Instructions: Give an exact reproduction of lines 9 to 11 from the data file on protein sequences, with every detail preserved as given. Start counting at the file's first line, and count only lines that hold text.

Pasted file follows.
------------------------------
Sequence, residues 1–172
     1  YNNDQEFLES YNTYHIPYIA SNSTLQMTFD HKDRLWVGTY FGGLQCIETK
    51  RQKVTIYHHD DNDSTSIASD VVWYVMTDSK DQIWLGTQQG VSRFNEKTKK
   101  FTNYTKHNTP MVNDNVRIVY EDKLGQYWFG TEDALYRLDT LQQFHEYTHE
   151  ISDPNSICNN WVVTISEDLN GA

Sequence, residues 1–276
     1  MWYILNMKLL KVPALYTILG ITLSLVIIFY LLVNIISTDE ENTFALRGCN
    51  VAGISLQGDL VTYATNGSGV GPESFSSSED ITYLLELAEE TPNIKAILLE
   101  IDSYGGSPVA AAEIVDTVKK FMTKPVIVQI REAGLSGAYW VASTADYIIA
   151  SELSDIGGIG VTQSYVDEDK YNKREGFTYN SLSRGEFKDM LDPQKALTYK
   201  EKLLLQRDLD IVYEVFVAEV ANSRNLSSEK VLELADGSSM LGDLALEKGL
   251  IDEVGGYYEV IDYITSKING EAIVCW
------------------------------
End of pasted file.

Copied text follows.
   101  IDSYGGSPVA AAEIVDTVKK FMTKPVIVQI REAGLSGAYW VASTADYIIA
   151  SELSDIGGIG VTQSYVDEDK YNKREGFTYN SLSRGEFKDM LDPQKALTYK
   201  EKLLLQRDLD IVYEVFVAEV ANSRNLSSEK VLELADGSSM LGDLALEKGL